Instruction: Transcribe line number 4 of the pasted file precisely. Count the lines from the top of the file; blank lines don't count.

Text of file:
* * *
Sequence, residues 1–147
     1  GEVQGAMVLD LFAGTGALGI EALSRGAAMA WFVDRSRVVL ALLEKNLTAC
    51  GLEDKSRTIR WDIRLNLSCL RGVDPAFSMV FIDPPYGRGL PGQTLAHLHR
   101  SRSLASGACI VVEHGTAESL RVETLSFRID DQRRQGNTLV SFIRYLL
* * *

   101  SRSLASGACI VVEHGTAESL RVETLSFRID DQRRQGNTLV SFIRYLL